Turning the directive into an opportunity with nation-level cyber experts

Thankfully, they don’t have to do it alone. CYE’s team of national-level cybersecurity experts can help:

  • Assess – in real time – the entire organizational environment, including third party vendors.
  • Identify where vulnerabilities lie and the attack routes that lead to the business’s crown jewels
  • Quantify the risk that each vulnerability poses to business-critical assets based on our unique, mathematical approach
  • Translate the regulations into actionable items and work plans that can be transferred to the technical teams
  • Review the policies from the perspective of a hacker by infiltrating the organizations, breaching their security systems, executing social engineering campaigns, collecting passwords and bypassing each and every security control.
    • This approach enables organizations to better identify their organizations’ most critical vulnerabilities and prevent attacks before they occur.
  • Maintain a risk dashboard in our cloud-based cybersecurity optimization platform, Hyver, to help management and technical teams see the status of each vulnerability, as well as the risk it poses to the organization – in order to manage them accordingly.
  • Establish an incident response readiness program to test organizational policies and procedures
  • Provide security training to management, technical personnel and general employees and help them react to different cyber attack scenarios
  • Build long-term cybersecurity best practices that not only conform to the regulations, but improve overall cyber resilience.

Furthermore, in an effort to provide cyber visibility across all IT, OT and IoT environments, we partnered with OTORIO, the provider of next-generation OT cyber and digital risk management solutions, to provide an integrated solution to companies with converged IT, OT and IoT environments looking for proactive ransomware protection.

By combining forces, CYE and OTORIO complement each other’s solutions by offering:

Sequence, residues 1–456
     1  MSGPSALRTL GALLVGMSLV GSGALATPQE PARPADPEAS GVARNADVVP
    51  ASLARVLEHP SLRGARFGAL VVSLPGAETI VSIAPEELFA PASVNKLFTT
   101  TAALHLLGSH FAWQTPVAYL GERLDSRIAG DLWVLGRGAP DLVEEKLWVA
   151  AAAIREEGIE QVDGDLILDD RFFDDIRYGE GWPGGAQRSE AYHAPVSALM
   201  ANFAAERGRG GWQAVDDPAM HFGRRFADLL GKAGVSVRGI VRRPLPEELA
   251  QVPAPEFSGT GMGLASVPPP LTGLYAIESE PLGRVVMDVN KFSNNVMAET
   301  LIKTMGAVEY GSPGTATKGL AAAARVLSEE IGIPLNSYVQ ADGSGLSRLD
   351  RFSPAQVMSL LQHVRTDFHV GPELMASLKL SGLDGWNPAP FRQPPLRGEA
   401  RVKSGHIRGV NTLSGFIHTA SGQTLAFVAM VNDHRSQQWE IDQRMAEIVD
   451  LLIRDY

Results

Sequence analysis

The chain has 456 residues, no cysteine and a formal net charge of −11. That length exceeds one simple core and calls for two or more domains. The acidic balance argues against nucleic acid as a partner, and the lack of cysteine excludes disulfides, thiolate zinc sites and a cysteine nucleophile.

• A single pane of glass to continuously monitor IT, OT and IoT security postures
  • Complete coverage of security visibility, including areas that are currently being shielded by blind spots
  • Quantification of risks and identification of exposures across all IT, OT and IoT environments
  • Long-term cybersecurity best practices though a combination of technology and services
  • Simplified compliance processes

Recent events have highlighted that no company is safe from being targeted by ransomware no matter the size or location. “Businesses of every size are finding it hard to combat the emerging cyber threat either because they lack the financial resources or because they lack the skill set,” says Scott E. Augenbaum, former supervisory special agent at the FBI’s Cyber Division, Cyber Crime Fraud Unit. “The answer lies with the public/private sector taking proactive steps to keep their networks safe by partnering with subject matter experts who develop smart cybersecurity solutions that are easy to install and manage.”


Watch: Expert panel discussion

Click here to watch leading security experts discuss the TSA Pipeline Security Directive and how it can be turned into an actionable work plan.

Itay Peled

By Itay Peled

Technical Account Manager, CYE